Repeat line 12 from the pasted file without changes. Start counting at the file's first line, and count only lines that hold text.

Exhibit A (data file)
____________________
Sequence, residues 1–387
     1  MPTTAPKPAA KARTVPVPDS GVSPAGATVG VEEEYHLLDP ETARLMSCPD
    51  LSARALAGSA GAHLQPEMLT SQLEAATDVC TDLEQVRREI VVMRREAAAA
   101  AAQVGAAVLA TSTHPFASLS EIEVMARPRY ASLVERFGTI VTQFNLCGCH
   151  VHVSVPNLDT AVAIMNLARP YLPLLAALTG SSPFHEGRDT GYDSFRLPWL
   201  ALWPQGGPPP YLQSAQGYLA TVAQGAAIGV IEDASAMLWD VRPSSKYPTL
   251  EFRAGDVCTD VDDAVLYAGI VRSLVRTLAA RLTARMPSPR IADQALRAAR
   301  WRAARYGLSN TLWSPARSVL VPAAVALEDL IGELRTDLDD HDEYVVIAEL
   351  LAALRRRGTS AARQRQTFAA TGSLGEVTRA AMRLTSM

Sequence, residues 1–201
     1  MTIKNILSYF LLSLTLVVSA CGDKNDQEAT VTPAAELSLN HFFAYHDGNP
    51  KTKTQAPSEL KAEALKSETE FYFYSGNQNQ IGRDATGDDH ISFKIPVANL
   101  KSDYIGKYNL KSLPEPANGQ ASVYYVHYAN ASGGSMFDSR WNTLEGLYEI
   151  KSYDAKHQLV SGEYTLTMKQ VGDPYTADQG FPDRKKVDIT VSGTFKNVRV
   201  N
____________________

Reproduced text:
    51  KTKTQAPSEL KAEALKSETE FYFYSGNQNQ IGRDATGDDH ISFKIPVANL